How often should smokers have lung cancer screenings?
I smoke regularly and lung cancer is always at the back of my mind. How often should I be screened? I am a 40 year old male.
As you already know, smoking markedly increases your risk for lung cancer. You are right to have cancer "at the back of [your] mind," but you should even more strongly think about quitting smoking. Talk to your primary care physician, who can help to guide you through this process. In the past few years the medical field has come up with lots of new medications and modes of therapy to help patients quit. There have been many studies looking at whether or not smokers should be screened for cancer. Studies have looked at doing regular chest x-rays, regular CT scans, or even bronchoscopies (putting a camera down into the lung to look at the airways). None of these studies have shown that regularly screening smoking patients for lung cancer helps to decrease the risk of death from it. The reason is that lung cancer is very aggressive. Other cancers (like colon cancer for which we do colonoscopies), when caught "early" can have curative therapy (like taking out that part of the colon). Lung cancer, even if caught on a "screening" chest x-ray, is likely to have spread locally in the lung, to nearby lymph nodes, or to other organs. Thus, current recommendations are NOT to screen for lung cancer, even in smokers. If you have any symptoms (difficulty breathing, coughing up blood, chest pain), you should see your primary care physician or a pulmonologist right away.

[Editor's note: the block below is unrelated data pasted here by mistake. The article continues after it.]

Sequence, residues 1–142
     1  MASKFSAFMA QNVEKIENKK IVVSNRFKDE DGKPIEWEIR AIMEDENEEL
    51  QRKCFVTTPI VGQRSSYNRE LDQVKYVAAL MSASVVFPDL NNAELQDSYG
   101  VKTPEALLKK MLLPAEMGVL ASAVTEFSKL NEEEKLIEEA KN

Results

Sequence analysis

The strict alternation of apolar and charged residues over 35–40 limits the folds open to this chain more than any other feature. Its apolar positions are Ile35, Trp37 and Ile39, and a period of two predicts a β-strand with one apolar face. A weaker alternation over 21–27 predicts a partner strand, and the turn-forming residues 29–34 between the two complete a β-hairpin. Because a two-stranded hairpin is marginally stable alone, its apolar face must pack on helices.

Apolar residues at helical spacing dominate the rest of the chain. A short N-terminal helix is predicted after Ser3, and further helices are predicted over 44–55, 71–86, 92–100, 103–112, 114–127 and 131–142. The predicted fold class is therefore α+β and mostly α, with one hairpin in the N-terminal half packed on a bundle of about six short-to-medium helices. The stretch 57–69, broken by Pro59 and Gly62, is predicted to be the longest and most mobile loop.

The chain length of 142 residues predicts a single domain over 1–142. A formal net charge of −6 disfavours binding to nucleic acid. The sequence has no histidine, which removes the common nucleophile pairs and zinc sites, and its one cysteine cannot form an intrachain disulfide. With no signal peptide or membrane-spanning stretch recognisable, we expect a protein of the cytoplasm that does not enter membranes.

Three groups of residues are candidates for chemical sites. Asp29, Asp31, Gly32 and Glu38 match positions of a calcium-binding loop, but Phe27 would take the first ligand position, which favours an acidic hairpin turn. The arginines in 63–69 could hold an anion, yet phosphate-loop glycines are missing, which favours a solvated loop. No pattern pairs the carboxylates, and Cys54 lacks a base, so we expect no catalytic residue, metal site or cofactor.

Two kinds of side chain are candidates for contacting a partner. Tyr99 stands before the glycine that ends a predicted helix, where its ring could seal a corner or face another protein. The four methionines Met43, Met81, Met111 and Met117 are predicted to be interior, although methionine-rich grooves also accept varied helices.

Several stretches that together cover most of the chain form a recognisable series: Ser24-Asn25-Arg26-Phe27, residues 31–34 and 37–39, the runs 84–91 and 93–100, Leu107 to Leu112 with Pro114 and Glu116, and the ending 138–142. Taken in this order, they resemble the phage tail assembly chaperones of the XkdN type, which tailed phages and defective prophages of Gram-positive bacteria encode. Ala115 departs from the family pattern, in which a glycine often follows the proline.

This answer is for general informational purposes only and is not a substitute for professional medical advice.
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